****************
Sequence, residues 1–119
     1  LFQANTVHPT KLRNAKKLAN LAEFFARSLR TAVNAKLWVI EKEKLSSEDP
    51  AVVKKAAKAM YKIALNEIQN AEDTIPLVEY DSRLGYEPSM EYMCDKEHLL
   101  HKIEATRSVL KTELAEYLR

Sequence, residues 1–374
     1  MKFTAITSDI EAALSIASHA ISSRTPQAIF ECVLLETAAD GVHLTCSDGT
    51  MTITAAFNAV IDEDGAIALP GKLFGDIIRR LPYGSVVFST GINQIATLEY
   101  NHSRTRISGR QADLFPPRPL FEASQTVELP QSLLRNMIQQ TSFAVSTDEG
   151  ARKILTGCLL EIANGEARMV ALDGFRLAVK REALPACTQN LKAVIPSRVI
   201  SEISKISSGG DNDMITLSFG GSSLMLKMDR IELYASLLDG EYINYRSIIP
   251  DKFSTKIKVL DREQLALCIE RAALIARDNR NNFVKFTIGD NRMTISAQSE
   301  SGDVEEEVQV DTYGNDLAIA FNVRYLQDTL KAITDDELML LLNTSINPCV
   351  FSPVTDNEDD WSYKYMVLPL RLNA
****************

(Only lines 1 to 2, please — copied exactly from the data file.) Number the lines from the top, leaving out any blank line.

Sequence, residues 1–119
     1  LFQANTVHPT KLRNAKKLAN LAEFFARSLR TAVNAKLWVI EKEKLSSEDP